Email Print Share

Imagine That! - Eyeglass Printer

Imagine That!
Audio Play Audio

Imagine That! - Eyeglass Printer

Credit: NSF/Finger Lakes Productions International

Audio Transcript:

For the one billion people in the world who can't afford eyeglasses, there's a new invention in sight that could make their day...

Imagine That!

Former MIT doctoral student Saul Griffith had a great idea for using what he had readily available at his fingertips to help people. While working at the center for bits and atoms at MIT, where you can create computer code to "print" almost anything, he developed printable eyeglass lenses.

At about forty cents worth of materials per pair, and with a lens molding time of less than ten minutes, his invention, once it's further developed, could produce almost any lens prescription for those in less developed countries and communities worldwide. But Griffith realized that a visit to the ophthalmologist to determine the prescription needed to make those glasses might still be out of reach for those in need. So he invented eye-testing goggles as well!

When worn, a specialized sensor inside the goggles monitors the lens in the patient's eye, and establishes the correct prescription for the wearer.

Griffith's socially-conscious inventions earned him the thirty thousand dollar Lemelson MIT student prize in '04.. As he says, he simply asked himself:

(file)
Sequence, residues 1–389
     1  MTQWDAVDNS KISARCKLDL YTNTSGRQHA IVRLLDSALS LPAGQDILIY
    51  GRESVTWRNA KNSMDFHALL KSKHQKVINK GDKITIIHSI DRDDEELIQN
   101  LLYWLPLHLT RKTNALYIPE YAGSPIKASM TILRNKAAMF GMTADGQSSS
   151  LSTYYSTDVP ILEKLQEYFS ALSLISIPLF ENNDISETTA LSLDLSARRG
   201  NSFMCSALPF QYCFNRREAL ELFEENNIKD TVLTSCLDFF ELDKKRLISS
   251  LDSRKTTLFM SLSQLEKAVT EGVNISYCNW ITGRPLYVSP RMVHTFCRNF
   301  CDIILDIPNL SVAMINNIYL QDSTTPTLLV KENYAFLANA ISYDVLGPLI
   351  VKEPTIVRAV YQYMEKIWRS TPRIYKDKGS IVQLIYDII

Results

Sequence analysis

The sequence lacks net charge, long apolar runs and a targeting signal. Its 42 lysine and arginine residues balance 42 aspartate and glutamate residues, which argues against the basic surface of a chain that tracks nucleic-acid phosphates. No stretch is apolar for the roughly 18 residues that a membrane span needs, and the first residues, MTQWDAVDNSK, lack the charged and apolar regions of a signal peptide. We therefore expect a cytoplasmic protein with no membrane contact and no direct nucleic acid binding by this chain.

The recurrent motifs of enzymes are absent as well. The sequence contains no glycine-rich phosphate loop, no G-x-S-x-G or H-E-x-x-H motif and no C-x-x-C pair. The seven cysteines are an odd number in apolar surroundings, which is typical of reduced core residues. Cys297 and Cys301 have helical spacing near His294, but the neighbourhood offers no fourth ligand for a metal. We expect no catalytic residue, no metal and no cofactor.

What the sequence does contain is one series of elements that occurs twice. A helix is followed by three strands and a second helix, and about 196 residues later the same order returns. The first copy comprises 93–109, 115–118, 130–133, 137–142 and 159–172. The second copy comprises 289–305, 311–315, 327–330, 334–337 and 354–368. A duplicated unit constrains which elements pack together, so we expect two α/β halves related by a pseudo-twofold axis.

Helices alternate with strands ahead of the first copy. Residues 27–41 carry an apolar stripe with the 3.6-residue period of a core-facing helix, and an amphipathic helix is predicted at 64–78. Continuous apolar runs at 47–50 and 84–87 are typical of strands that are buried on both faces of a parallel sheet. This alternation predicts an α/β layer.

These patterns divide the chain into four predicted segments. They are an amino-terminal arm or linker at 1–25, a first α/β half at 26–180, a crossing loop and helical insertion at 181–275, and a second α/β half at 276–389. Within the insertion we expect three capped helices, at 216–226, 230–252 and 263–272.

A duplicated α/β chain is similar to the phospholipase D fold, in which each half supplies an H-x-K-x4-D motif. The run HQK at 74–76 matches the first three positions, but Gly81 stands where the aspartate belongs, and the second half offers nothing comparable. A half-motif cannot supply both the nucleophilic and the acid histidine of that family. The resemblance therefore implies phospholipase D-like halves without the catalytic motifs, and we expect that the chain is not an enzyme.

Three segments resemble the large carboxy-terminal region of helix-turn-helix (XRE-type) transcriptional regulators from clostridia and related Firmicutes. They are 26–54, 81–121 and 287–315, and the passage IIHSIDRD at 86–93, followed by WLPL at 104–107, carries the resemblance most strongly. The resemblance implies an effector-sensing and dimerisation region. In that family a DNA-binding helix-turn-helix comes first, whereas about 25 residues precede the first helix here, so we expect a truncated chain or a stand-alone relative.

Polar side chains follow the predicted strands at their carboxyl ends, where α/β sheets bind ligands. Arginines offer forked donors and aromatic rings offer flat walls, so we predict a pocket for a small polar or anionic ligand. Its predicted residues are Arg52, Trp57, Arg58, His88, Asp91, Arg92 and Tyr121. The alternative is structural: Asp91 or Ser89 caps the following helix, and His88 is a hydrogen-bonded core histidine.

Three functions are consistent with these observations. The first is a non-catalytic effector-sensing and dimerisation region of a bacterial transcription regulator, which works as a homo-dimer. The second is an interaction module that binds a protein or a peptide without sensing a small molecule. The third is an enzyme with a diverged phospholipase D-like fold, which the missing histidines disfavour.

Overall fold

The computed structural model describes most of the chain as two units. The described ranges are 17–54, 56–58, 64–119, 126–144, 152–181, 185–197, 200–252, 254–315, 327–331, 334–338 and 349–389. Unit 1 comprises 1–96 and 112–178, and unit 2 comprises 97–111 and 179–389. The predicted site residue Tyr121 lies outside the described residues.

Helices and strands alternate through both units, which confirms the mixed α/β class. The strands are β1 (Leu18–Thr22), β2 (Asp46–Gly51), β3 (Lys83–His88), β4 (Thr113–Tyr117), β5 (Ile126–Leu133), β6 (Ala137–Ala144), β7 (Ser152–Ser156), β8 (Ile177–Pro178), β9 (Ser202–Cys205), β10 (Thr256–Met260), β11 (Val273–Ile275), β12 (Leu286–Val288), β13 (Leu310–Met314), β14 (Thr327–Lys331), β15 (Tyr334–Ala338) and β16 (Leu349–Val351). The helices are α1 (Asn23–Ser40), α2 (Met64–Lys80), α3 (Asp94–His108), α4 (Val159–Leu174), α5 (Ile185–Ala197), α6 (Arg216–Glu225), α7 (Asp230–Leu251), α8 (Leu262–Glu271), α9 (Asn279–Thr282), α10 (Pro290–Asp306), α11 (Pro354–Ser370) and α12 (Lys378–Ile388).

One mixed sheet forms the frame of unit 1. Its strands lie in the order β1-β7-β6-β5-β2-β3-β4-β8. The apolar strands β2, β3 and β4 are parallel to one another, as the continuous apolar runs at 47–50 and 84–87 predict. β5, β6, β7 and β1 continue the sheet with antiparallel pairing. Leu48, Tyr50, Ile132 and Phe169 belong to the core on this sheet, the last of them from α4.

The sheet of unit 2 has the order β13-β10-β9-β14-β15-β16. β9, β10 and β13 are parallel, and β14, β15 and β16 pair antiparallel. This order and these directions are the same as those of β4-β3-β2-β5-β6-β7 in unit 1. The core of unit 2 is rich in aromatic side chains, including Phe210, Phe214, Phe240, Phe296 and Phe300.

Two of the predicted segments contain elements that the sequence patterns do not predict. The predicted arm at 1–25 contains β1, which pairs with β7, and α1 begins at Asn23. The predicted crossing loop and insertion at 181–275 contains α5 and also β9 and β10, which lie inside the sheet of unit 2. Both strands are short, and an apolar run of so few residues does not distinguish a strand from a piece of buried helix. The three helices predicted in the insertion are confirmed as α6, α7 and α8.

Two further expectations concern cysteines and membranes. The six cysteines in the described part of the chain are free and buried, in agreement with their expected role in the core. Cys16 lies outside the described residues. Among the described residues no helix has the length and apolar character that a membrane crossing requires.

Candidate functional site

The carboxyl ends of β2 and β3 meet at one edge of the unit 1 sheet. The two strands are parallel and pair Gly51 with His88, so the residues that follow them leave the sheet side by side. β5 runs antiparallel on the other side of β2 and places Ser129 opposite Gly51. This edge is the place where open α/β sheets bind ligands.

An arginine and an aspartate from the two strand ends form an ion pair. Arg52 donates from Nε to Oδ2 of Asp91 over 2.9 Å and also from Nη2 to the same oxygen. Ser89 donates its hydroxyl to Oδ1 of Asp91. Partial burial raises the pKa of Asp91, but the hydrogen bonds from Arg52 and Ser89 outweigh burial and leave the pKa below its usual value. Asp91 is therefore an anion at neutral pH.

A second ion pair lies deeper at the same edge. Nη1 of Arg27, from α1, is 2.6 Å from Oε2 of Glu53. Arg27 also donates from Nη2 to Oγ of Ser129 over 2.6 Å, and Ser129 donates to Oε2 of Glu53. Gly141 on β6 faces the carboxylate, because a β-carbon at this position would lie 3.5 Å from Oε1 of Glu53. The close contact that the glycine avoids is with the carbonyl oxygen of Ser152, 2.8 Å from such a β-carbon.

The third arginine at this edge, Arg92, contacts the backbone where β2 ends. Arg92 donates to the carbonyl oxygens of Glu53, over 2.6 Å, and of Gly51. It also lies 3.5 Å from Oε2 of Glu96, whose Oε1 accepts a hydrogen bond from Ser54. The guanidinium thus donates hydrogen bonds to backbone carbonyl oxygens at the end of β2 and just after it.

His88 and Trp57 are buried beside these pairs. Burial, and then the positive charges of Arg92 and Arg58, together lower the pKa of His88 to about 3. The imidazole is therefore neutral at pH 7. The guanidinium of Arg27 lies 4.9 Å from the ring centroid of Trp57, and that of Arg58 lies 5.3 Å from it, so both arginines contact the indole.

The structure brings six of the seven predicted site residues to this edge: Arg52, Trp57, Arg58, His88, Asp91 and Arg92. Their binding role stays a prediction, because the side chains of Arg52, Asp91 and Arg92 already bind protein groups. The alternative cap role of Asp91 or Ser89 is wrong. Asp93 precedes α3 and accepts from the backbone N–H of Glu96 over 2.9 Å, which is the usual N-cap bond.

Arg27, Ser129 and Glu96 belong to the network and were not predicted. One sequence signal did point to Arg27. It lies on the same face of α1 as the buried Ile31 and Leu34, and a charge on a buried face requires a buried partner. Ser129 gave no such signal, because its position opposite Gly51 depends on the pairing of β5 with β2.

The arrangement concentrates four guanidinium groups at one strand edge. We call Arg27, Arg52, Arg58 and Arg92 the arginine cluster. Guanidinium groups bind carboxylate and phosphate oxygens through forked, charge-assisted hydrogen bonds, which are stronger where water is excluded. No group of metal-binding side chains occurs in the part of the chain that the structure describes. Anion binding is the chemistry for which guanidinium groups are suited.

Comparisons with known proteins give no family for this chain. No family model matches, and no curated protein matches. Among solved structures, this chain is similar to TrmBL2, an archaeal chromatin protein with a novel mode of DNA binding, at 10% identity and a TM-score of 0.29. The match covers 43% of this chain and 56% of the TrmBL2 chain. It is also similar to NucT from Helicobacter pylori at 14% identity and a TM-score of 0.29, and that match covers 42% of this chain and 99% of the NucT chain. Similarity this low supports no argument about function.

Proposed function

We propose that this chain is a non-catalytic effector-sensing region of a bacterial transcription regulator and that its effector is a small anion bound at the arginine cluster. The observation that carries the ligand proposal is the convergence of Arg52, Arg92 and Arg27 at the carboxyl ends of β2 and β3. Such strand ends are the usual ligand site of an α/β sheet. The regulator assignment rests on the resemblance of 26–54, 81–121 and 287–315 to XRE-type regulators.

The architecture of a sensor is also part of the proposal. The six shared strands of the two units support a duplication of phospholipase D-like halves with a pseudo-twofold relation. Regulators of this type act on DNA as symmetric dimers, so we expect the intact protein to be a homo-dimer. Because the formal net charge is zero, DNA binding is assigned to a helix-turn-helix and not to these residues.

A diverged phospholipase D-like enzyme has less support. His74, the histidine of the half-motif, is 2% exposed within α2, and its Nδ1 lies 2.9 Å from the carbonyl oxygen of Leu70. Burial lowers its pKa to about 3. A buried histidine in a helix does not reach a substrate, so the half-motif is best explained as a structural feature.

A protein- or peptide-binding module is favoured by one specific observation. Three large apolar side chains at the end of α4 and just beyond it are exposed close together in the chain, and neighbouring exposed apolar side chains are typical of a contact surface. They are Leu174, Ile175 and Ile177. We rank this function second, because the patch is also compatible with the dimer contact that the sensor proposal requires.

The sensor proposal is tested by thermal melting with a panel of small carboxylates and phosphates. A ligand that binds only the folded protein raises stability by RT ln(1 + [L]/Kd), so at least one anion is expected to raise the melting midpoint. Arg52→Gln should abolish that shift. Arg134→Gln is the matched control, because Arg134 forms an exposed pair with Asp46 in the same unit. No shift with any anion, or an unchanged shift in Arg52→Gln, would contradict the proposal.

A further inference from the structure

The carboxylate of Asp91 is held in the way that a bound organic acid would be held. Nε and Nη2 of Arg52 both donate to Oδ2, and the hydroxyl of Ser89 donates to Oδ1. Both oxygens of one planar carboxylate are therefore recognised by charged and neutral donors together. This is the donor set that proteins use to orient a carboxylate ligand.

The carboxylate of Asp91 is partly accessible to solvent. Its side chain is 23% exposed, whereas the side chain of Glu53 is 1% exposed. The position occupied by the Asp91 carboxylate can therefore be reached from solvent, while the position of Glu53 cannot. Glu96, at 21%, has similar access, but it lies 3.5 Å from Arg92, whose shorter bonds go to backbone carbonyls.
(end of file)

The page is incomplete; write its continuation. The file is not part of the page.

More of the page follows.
Griffith: "Can one use little pieces of appropriate technology to have a broad impact on a lot of people's lives all over the world, and I'd hope that if that works, we could inspire other people to tackle tough problems like that."

Here's to an inventor with some great "insight." I'm Eric Phillips.

"Imagine That!" covers projects funded by the U.S. government's National Science Foundation. Federally sponsored research -- brought to you by you! Learn more at

General Restrictions:
Images and other media in the National Science Foundation Multimedia Gallery are available for use in print and electronic material by NSF employees, members of the media, university staff, teachers and the general public. All media in the gallery are intended for personal, educational and nonprofit/non-commercial use only.

Images credited to the National Science Foundation, a federal agency, are in the public domain. The images were created by employees of the United States Government as part of their official duties or prepared by contractors as "works for hire" for NSF. You may freely use NSF-credited images and, at your discretion, credit NSF with a "Courtesy: National Science Foundation" notation. Additional information about general usage can be found in Conditions.